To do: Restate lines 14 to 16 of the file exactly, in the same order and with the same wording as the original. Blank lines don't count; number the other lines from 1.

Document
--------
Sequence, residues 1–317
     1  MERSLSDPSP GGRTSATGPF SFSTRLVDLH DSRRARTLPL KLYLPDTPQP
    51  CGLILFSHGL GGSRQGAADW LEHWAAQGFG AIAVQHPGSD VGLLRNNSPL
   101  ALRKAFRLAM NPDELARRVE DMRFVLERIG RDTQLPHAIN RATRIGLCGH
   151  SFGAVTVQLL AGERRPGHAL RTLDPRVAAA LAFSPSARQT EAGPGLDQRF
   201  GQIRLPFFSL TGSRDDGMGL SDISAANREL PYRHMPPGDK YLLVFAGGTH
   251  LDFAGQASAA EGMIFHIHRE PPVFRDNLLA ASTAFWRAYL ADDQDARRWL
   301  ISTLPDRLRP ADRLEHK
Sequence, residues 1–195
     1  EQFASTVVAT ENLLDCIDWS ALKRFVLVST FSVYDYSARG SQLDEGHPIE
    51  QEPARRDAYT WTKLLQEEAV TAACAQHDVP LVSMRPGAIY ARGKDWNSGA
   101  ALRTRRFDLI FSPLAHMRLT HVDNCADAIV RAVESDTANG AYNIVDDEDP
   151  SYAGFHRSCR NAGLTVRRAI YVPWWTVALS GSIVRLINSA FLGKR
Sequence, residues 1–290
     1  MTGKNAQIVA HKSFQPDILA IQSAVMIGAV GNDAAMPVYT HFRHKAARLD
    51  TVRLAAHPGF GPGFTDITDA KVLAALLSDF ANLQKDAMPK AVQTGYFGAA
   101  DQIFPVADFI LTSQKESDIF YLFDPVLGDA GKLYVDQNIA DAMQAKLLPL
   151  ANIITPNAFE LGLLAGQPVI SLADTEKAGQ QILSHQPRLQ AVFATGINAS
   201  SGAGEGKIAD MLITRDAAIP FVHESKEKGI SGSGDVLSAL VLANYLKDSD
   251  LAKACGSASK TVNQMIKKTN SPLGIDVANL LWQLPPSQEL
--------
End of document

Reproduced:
Sequence, residues 1–290
     1  MTGKNAQIVA HKSFQPDILA IQSAVMIGAV GNDAAMPVYT HFRHKAARLD
    51  TVRLAAHPGF GPGFTDITDA KVLAALLSDF ANLQKDAMPK AVQTGYFGAA